once a week and store their purchases.

Saturday I had a real treat; I went to the local “green” market—similar to a farmer’s market. I love these. Produce is very fresh. It’s wonderfully arranged. There are vivid colors and intense smells. This market included live trout for purchase, truly fresh fish. I saw tubs of green and black olives, churns of soft white cheese in wooden churns, wheels of pungent hard cheese, specked on the outside with mold, and of course smoked meats. Besides produce, there were gardening tools, clothing and household
items—mostly stuff imported from China, and a few
locally made handicrafts, wooden spoons and some knitted items.

I’ll take some pictures on a future trip. This time, I just wanted to soak in the experience. I have included some pictures from a local market near my apartment. The young lady works the evening shift. She doesn’t speak English but she always has a smile. Notice the shelves behind her. They were filled with fresh bread this morning. Now, a few loaves sit, waiting for a customer. When you buy a loaf, the attendant picks up the loaf with an inverted plastic bag so that human hands don’t touch the loaf, that has been sitting in the open. Bread is very good. Nice texture and taste. In the meat cases, you’ll see some smoked sausages and other smoked meats. The plastic sleeves hold cold cuts—one is basically chopped ham for sandwiches (it’s pretty good). The price labels are usually the price for one kg, which is 2.2 pounds.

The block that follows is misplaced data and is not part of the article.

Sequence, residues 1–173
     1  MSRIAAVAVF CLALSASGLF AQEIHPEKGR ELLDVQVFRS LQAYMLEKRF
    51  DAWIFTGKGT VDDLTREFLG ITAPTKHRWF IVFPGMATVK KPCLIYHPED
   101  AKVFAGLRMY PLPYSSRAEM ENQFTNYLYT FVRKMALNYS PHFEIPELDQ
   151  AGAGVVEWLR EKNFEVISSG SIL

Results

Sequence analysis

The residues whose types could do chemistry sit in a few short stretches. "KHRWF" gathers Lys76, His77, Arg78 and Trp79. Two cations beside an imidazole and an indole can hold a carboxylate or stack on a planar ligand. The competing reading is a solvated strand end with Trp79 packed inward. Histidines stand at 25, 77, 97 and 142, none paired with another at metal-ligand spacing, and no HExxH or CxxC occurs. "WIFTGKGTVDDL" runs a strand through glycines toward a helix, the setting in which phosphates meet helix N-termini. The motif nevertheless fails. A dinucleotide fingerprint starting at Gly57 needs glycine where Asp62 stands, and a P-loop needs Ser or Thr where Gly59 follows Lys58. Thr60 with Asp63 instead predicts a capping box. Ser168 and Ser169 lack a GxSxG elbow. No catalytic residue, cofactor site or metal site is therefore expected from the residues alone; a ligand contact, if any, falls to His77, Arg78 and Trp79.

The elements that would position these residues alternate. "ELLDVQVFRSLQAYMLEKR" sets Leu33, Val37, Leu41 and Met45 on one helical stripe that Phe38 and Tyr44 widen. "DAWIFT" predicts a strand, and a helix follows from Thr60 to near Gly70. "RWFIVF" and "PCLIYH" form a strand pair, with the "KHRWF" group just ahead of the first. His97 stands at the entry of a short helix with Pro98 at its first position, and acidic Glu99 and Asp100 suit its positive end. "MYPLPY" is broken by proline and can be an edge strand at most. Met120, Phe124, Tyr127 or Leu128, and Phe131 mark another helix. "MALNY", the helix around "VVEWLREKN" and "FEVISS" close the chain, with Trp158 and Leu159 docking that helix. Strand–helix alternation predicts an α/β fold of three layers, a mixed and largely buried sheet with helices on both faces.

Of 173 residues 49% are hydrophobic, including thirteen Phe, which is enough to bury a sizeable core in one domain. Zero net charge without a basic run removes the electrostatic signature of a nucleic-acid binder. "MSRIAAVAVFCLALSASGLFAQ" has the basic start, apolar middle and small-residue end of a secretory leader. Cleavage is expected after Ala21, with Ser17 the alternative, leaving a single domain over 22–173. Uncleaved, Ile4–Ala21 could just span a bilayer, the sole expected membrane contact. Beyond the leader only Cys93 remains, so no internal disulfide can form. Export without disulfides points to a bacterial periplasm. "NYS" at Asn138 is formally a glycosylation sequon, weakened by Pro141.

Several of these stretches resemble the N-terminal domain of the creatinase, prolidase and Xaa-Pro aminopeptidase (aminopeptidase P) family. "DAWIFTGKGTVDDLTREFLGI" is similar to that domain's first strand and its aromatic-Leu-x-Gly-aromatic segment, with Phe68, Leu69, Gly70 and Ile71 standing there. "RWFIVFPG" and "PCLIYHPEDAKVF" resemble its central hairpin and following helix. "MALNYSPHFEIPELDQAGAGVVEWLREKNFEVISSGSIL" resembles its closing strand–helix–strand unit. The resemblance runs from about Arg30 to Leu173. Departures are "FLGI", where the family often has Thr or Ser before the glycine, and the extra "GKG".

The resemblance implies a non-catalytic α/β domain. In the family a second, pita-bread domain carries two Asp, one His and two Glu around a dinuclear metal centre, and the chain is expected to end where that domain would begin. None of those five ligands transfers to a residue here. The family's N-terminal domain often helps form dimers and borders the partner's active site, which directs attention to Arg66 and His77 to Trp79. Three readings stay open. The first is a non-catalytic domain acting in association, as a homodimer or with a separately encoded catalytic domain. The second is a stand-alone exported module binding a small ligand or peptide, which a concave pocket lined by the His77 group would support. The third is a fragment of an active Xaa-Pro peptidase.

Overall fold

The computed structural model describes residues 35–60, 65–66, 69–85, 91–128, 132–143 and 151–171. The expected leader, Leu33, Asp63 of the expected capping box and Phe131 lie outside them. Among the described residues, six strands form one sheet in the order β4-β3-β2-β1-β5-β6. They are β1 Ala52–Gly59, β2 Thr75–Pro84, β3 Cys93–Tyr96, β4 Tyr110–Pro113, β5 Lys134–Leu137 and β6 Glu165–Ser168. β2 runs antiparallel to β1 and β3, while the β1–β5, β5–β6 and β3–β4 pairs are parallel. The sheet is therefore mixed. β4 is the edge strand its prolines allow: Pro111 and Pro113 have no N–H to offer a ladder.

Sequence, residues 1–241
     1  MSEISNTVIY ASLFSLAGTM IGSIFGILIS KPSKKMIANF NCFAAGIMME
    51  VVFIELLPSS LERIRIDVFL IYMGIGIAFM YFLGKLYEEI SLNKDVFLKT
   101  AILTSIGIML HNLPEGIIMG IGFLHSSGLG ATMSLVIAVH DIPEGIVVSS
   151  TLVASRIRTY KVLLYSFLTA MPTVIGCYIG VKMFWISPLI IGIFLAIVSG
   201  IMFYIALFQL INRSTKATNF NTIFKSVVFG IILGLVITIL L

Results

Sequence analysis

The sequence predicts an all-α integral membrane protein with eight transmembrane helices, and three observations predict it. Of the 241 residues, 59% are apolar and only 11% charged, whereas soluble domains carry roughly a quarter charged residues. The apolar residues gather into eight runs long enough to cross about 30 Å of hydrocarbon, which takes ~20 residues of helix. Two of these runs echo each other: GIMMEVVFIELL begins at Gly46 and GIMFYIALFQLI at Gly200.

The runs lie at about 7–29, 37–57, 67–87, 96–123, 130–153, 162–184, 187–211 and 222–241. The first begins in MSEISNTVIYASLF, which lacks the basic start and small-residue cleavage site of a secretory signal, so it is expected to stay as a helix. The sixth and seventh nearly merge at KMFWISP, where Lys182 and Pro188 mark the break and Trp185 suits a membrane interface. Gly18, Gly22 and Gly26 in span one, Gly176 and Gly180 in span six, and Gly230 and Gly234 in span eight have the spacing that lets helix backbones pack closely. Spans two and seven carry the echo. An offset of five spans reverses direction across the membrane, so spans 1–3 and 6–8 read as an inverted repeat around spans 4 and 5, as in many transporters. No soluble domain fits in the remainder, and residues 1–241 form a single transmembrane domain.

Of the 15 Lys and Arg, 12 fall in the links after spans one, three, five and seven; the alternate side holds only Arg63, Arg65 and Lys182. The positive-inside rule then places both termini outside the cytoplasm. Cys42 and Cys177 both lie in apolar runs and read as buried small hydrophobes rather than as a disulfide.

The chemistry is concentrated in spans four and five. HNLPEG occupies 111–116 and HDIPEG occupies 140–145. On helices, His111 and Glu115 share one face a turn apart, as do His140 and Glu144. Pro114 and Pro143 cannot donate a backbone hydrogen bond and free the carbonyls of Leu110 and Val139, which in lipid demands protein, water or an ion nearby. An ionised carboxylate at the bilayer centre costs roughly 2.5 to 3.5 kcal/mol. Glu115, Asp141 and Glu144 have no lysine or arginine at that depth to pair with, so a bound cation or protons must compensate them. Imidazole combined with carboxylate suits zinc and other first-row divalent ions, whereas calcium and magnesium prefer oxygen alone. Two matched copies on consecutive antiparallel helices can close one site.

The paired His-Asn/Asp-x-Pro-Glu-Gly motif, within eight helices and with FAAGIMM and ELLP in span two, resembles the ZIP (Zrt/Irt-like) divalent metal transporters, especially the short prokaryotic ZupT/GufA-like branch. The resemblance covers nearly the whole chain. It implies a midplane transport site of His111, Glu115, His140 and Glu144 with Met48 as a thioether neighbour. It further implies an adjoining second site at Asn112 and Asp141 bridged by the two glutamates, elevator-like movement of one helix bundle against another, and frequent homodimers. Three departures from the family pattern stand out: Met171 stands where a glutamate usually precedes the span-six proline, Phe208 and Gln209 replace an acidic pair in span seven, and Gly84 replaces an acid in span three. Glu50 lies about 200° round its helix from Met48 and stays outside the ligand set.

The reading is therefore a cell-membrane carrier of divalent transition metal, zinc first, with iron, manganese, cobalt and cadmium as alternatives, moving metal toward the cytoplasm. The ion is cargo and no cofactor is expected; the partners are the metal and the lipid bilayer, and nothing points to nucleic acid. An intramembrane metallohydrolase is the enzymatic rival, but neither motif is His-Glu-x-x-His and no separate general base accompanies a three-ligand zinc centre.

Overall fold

In the shot of the jams and jellies, you’ll notice Barilla pasta sauce just below. Beyond the paste sauce, on the same shelf, are jars of picked peppers and vegetables. Oh, and don’t forget to look at the packages of instant soups. I start with potatoes, onions and carrots but add a pack of instant soup to shortcut my preparations.

Next to the register are the snack foods, impulse purchases with high margins. The back shelf contains the selection of spirits. Fresh produce sits outside, next to the Coke cooler. The produce selection is limited—apples, kiwi, oranges, lemons, cabbage, onions, potatoes, carrots and sometimes cauliflower. I’ve probably left out something but you get the idea.